DETROIT – For 32-year-old Sarah Stewart and her husband Kawan, March 22 was a typical Sunday morning when the couple went out for a leisure motorcycle ride. But a freak accident landed Stewart in the hospital with serious injuries.
Stewart remembers few details about the accident after the couple riding separately approached an intersection on a yellow light. A miscommunication between the couple resulted in Stewart colliding with her husband’s motorcycle. “I remember skidding and I remember the impact. I don’t remember flying through the air,” she says.
An avid rider, Stewart’s injuries were extensive. Her right arm was broken in half and fractured at the shoulder. Her pelvis was also broken in four places and the bone that sits at the base of the spine and strengthens the pelvis was broken in two places.
Today, less than three months since the accident, Stewart is walking again. She underwent three surgeries and received nine blood transfusions at Henry Ford Hospital in Detroit, a Level 1 trauma center, where she was hospitalized for 10 days.
“She’s doing remarkably well,” says William Hakeos, M.D., the orthopedic trauma surgeon who performed the surgeries and led Stewart’s care.” She’s got great function in her arms. She’s asking if she can go back to work earlier than I had originally suggested. To be doing that well not even three months from this kind of injury is truly remarkable. She’s obviously worked very hard with her rehab and has received a lot of support from her husband.”
The timing of her hospitalization coincided with Henry Ford putting into practice special safety precautions due to the coronavirus pandemic. Only life-threatening and critical procedures were being performed at the time. Stewart ultimately tested negative for the coronavirus, but her surgery was performed using COVID-19 safety protocols. Her husband was unable to visit due to visitor restrictions but received daily updates by telephone.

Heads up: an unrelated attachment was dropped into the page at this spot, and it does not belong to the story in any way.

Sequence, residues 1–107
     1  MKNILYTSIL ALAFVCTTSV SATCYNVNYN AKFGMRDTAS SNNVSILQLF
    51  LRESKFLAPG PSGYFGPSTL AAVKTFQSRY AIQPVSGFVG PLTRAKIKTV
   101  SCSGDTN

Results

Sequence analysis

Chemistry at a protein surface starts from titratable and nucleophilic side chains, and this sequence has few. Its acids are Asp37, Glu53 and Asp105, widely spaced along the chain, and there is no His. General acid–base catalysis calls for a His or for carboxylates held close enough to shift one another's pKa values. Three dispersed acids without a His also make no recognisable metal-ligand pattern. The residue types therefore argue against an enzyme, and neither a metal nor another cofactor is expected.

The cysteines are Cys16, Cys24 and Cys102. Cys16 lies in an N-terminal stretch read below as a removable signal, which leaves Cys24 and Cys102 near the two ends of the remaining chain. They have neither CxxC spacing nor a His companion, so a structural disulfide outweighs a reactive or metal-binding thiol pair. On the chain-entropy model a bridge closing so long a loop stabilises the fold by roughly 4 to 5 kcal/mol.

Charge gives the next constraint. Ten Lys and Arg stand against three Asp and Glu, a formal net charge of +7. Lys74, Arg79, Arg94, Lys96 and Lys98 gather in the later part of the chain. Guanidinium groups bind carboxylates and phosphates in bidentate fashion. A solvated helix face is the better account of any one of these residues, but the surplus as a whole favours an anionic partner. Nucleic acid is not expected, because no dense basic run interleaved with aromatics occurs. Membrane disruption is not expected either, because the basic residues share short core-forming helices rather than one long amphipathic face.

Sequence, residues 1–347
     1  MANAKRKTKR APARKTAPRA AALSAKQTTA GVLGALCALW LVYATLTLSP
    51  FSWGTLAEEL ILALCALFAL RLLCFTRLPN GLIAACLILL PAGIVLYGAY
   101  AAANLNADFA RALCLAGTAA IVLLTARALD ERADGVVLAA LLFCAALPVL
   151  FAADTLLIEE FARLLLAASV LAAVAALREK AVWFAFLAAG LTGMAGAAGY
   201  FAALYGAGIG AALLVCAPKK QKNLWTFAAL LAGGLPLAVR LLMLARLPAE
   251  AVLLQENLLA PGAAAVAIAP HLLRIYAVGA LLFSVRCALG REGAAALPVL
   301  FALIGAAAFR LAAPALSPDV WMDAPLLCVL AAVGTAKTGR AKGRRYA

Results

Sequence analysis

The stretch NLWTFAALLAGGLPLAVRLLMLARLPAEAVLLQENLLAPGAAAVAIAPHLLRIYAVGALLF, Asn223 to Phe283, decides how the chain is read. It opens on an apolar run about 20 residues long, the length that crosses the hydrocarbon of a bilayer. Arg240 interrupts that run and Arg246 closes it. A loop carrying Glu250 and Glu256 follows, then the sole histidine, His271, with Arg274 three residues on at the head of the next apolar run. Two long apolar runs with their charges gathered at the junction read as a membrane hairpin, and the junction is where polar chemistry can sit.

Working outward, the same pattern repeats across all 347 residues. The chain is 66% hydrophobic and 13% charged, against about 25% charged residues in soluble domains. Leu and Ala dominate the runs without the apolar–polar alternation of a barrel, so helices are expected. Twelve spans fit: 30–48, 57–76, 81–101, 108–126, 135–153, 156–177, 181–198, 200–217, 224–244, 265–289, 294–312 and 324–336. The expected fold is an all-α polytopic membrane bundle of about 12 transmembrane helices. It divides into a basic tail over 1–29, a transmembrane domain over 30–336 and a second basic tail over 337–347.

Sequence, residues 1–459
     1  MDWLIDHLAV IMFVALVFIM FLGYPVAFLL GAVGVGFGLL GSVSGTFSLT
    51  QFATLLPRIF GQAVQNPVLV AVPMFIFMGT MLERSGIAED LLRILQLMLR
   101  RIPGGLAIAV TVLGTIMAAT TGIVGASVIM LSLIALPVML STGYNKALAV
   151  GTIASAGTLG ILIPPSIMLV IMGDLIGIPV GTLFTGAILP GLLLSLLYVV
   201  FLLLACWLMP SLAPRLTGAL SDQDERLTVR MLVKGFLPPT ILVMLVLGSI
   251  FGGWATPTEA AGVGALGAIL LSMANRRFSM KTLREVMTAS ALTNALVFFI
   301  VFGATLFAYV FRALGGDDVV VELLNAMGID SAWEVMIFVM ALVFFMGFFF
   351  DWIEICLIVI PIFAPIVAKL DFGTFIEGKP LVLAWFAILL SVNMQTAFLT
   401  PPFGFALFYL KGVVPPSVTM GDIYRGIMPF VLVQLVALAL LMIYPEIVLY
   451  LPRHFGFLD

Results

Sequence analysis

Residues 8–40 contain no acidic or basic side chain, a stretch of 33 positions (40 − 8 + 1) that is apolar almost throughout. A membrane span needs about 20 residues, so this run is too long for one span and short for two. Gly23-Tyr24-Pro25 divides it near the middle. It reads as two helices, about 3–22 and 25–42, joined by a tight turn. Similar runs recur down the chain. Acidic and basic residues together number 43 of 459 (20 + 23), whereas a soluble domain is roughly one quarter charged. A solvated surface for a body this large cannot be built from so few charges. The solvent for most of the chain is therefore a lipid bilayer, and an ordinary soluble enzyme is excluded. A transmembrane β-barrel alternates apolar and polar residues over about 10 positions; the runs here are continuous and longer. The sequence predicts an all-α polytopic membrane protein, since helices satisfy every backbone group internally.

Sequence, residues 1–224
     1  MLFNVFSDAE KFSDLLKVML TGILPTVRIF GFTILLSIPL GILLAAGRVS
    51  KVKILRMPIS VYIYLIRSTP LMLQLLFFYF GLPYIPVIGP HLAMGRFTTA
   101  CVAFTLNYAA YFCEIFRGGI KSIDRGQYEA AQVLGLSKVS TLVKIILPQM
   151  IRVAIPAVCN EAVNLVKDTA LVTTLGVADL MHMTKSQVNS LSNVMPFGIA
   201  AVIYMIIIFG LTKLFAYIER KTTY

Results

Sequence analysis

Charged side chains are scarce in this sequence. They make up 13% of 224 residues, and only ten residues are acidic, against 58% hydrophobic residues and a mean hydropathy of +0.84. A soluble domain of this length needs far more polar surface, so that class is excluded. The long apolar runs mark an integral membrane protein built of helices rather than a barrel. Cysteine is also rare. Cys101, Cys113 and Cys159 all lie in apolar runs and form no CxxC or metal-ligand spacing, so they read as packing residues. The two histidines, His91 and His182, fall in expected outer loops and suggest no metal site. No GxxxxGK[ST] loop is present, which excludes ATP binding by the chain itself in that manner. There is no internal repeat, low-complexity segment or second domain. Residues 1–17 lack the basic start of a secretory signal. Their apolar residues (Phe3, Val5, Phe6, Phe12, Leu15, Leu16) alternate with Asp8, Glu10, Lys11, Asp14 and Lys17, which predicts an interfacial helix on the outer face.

Stewart finally saw her husband 18 days later after she was discharged to inpatient rehabilitation at Henry Ford Macomb Hospital in Clinton Township, which is closer to the couple’s home in Washington Township. It was a tear-filled emotional moment. “When he walked in the rehab area, it was like the stars aligned. It was awesome,” she fondly recalls. “I hugged him, but we couldn’t kiss each other because of our masks.”
Stewart was discharged home after 10 days in rehab at Henry Ford Macomb. She is especially thankful for Dr. Hakeos and his care team as well as the rehab team for taking care of her. “There were just so many people that I appreciate. They were all awesome. They helped me get my life back together,” she says.
“I’m walking again already,” Stewart says. “I’m so thankful to be alive.”
Of Dr. Hakeos, Stewart says “He did an amazing job.” “My husband says, ‘he put Humpty Dumpty back together again.’”
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